A storm will strengthen across the southern Plains, bringing the potential for soaking rain, snow and slow travel early this week.
Prior to Tuesday, a slow-moving front will be the focal point for locally heavy rainfall from eastern Texas to South Carolina late on Sunday into Monday night.
The heaviest rain is expected to focus along the Gulf Coast states.
"While widespread flooding is not anticipated, areas that see more persistent heavy rainfall and thunderstorms could experience flooding," AccuWeather Meteorologist Brian Thompson said.
As this front slowly exits the area, a new storm will quickly develop in its wake.
This second system will be the strongest of the two and is expected to bring a variety of impactful weather to a large part of the southern and eastern United States.
As the storm develops on Tuesday, enough cold air will be drawn in behind this system to produce accumulating snow across Colorado.
"Slippery travel can be expected on Interstate 25 from Denver to Pueblo, Colorado, late Monday night into Tuesday," AccuWeather Meteorologist Michael Doll said.
He added that snow could accumulate quickly enough for roads to become snow covered.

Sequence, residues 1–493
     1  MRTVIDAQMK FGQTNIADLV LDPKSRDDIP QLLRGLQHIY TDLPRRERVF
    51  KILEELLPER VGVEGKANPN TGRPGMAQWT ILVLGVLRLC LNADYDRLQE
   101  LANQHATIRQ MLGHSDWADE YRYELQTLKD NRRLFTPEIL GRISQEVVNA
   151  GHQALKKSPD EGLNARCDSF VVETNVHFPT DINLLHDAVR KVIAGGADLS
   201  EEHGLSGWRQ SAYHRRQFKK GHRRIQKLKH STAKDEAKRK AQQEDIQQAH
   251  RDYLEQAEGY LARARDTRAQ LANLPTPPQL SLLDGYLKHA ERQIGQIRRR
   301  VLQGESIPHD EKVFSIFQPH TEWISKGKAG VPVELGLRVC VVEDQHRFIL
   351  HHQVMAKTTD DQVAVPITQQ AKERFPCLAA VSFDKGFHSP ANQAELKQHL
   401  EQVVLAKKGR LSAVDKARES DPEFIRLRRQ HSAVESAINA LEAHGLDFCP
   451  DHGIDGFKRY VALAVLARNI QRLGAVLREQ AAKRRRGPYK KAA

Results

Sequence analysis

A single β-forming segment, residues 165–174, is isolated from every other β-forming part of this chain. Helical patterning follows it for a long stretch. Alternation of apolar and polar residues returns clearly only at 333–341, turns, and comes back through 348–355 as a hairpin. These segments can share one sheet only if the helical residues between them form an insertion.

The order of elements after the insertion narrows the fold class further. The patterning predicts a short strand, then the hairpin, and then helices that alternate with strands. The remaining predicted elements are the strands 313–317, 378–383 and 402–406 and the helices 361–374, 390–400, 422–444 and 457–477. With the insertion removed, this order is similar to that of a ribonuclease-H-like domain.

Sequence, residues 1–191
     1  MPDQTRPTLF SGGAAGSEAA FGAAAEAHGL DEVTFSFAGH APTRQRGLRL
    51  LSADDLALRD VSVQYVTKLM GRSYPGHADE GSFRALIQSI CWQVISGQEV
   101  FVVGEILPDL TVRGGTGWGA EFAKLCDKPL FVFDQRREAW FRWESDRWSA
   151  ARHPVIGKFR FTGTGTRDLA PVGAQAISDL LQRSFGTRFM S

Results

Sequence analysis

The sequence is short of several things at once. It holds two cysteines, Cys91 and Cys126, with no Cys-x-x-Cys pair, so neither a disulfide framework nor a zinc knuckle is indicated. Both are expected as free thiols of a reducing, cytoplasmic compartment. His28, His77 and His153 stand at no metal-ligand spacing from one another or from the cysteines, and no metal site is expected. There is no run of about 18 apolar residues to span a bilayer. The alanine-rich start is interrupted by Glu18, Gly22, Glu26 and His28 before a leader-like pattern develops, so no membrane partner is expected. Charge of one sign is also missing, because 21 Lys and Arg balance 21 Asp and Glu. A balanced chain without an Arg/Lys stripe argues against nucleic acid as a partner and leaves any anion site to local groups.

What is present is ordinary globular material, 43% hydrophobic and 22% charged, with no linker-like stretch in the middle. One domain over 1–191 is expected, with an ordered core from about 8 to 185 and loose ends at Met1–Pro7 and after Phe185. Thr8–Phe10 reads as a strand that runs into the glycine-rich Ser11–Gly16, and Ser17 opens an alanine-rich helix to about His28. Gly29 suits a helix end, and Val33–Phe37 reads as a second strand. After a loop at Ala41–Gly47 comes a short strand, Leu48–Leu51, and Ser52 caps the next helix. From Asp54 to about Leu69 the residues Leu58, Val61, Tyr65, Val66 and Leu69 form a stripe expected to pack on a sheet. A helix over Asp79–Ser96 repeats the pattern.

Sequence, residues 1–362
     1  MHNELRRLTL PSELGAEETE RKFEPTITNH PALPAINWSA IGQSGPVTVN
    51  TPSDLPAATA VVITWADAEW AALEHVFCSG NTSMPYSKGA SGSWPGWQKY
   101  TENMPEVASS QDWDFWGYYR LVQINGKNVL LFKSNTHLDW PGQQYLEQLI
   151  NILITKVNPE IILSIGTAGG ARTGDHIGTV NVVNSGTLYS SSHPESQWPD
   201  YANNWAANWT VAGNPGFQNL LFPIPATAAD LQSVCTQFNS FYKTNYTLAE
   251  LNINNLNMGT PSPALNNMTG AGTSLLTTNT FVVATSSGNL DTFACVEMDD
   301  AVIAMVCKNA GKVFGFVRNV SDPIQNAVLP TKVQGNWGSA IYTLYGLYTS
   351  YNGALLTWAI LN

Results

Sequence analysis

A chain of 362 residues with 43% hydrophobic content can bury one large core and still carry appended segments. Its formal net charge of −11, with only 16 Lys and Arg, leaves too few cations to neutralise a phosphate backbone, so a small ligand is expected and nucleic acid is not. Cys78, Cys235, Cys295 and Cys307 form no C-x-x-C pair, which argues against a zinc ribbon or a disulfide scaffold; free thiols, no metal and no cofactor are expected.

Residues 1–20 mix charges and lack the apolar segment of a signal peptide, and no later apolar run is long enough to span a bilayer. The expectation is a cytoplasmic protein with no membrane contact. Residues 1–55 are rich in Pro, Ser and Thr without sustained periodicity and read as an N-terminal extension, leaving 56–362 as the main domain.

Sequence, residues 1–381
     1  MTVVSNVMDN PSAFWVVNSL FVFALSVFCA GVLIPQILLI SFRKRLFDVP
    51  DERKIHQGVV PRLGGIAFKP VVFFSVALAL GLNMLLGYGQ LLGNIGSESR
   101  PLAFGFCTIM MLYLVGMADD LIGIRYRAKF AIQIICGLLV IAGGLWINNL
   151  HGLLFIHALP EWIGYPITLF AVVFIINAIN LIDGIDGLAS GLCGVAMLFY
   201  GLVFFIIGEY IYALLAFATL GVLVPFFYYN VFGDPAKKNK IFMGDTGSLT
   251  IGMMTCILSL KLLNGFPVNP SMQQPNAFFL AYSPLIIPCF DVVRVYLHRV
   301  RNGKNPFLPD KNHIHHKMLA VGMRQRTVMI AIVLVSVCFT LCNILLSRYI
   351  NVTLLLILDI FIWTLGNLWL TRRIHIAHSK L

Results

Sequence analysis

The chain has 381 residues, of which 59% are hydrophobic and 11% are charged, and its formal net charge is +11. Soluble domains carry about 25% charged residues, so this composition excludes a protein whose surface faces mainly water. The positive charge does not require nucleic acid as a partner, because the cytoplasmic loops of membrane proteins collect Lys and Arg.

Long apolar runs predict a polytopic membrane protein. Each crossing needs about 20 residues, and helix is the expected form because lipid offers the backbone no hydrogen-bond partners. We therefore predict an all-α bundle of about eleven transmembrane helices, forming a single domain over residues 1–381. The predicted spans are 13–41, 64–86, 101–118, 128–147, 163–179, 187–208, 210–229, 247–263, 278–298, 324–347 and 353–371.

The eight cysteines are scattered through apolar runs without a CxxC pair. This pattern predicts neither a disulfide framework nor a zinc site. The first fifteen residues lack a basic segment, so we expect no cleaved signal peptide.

"The Tuesday morning commute will be slippery," Doll warned.
Slick roads are also possible across the southern High Plains, where rain will begin on Monday night before switching over to a wintry mix as temperatures drop to below freezing by Tuesday morning. Any untreated, wet surfaces could quickly become icy.
On the warmer side of this system, rain will begin across Texas and stretch into the lower Mississippi Valley as the day progresses.
Rain could be heavy enough to cause localized flooding in low-lying and poor drainage areas.
The Tuesday evening commute may be slower than normal due to torrential downpours and ponding on roadways.
Doll explained that the cold air could move in quickly enough to cause rain to changeover to snow in the Ozarks late on Tuesday into Tuesday night.
Quieter weather will return to the southern Plains to end the week.